Just One Fix: How to Know When You Actually Need Antibiotics

Antibiotics are strong medicines that can kill bacteria. But we have overused antibiotics for many years. As a result, we now have bacteria that resist antibiotics. Resistant bacteria cause infections that are harder to cure and more costly to treat.

Antibiotic-resistant infections can strike anyone. They can be passed on to others. For example, more and more healthy young people are getting skin infections from MRSA, a bacteria that resists many common antibiotics. MRSA is spreading in households, daycare, schools, camps, dorms, gyms, team sports, and the military.

Try to protect yourself and your loved ones. Here’s what you need to know to help prevent resistance:

Source: Antibiotics: When you need them—and when you don’t

The CDC provides similar information for adults, but more detail.  Reducing antibiotic prescribing is something that requires awareness from both doctors and patients.

No, it's not a tumour!

Maybe it’s a tumour?

Can E. Coli in Supermarket Meat Cause UTIs?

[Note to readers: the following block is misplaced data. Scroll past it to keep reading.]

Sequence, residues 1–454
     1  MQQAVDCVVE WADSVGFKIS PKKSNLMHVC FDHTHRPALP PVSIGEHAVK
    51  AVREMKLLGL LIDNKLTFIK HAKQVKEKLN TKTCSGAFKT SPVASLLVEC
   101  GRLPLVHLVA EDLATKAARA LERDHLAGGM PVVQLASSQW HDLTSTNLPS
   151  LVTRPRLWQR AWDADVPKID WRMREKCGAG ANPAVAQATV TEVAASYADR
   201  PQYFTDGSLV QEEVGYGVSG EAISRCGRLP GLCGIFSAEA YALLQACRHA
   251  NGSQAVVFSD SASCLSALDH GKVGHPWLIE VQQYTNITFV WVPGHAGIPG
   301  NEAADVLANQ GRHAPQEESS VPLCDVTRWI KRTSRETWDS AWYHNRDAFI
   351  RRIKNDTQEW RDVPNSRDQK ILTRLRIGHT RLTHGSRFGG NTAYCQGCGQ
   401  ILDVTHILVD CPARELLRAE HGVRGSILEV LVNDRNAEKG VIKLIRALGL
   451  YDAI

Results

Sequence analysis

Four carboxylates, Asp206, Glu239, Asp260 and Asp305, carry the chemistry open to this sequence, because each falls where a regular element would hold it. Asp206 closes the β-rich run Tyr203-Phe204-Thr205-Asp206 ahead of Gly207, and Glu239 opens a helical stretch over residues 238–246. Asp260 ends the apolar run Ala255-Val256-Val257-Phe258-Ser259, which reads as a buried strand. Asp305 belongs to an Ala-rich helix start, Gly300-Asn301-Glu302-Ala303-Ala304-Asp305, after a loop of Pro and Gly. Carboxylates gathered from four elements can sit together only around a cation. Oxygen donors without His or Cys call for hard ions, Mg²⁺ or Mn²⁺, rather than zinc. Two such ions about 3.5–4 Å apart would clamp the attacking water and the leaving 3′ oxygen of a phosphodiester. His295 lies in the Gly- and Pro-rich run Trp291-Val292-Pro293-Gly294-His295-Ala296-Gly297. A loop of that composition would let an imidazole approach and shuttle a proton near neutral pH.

The research has not been peer reviewed.

After testing more than 1,200 samples from Flagstaff-area infections, Price says he’s genetically linked more than 100 of them to supermarket meats. A quarter of those were resistant to several antibiotics.

Source: Can E. Coli in Supermarket Meat Cause UTIs?

 

Cranberries: How They Get to Your Table

…cranberries, a native North American fruit, “magical,” but he easily talks up a lot of their “neat qualities.”

The health benefits of the berries rich in antioxidants have been well-known for years, and range from anti-inflammatory properties to the ability to help fight urinary tract infections and, some believe, cancer.

The physical structure of cranberries is also a boon for the way they are harvested in bogs or marshes that have been flooded.

Source: Cranberries: How this tangy treat gets to your Thanksgiving table

Did you know that Canada & the US account for 98% of global cranberry production?

In addition to being suited to growing in marsh/bog areas, water harvesting is believed to produce cranberries that are better for us:

If berries floating on top of water get exposed to increased amounts of natural sunlight (in comparison to other growing and harvesting conditions), they are likely to develop greater concentrations of anthocyanins. These greater concentrations of anthocyanins are likely to provide us with stronger health benefits.

Caveat: There’s concern for warfarin/coumadin and cranberry juice – be careful, consult your doctor and/or monitor your levels to see if it’s a concern for you.